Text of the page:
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The "roof of the world" is bracing for another mild winter this year, or the 11th such season since 2001, due to the impact of global warming.|
From Jan. 1 to Nov. 15, the average temperature in the Tibet Autonomous Region in southwest China ranged from minus 0.7 degrees Celsius to 14.7 degrees, or 0.5 degrees higher than normal years in most parts of the region, according to the latest data released by the Climate Center under the Tibet Regional Meteorological Bureau.
In some areas, including the regional capital of Lhasa, Ngari Prefecture and Tsethang Township, the temperature was 1-1.5 degrees higher than normal years, a center spokesman said Saturday.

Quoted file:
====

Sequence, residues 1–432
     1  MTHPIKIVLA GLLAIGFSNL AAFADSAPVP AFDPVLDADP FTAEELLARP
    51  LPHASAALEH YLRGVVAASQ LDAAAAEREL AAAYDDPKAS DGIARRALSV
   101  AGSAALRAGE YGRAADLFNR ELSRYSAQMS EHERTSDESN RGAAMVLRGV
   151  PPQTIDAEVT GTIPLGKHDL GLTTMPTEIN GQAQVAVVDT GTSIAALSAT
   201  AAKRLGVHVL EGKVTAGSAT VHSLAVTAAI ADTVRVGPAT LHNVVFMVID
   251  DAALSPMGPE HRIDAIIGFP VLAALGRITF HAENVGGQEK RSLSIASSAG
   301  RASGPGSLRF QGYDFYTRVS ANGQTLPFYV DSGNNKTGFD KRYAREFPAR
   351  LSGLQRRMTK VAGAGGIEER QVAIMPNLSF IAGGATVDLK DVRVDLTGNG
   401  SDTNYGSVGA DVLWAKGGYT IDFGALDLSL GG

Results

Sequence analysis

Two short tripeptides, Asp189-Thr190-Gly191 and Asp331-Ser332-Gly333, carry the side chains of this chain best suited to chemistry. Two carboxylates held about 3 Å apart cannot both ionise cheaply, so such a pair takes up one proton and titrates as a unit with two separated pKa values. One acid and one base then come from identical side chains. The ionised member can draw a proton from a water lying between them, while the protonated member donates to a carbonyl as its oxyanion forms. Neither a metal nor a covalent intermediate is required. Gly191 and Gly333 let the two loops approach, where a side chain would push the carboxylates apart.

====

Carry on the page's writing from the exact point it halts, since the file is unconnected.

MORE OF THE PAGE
"Those statistics show that Tibet will experience another mild winter," he said. "That is closely linked with the global warming."
Over the past 50 years, the annual average temperature in Tibet has increased by 0.32 degrees every decade, especially in the past 10 years, he said.
During the previous winter lasting from December 2010 to February 2011, the average temperature in Tibet stood at minus 12.1 to 5.4 degrees, or 1.2 degrees higher than normal years in some areas, he said.
"With the temperatures rising, extreme weather events have been occuring more often than the past," he added, without providing further details.
But one thing is certain -- glaciers on the Qinghai-Tibetan Plateau, the major source of the country's largest rivers, are melting faster than ever under the influence of global warming.